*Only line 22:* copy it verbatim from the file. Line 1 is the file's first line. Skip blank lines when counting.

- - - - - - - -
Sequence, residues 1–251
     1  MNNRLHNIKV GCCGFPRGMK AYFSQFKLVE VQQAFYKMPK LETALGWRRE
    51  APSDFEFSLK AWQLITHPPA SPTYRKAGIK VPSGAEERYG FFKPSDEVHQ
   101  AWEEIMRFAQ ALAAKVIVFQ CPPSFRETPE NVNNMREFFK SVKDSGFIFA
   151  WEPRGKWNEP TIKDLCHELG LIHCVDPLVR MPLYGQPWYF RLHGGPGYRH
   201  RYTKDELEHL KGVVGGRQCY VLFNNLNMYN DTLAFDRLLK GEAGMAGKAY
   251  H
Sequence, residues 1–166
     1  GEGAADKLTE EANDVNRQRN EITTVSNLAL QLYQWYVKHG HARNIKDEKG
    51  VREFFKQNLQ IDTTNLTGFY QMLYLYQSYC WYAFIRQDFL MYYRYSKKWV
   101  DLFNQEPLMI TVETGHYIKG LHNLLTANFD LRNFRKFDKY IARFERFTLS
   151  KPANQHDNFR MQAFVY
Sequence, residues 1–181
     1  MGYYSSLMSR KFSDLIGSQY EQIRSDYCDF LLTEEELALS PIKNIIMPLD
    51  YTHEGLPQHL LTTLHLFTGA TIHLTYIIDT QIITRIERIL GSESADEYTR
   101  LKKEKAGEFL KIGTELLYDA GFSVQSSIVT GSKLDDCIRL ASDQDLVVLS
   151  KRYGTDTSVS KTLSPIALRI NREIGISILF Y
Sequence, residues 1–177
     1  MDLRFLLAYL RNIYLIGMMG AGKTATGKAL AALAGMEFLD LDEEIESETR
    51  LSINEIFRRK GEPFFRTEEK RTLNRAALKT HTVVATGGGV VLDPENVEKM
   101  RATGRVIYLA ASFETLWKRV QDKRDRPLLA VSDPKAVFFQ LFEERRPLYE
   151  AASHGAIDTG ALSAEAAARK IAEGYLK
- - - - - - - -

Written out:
   151  AASHGAIDTG ALSAEAAARK IAEGYLK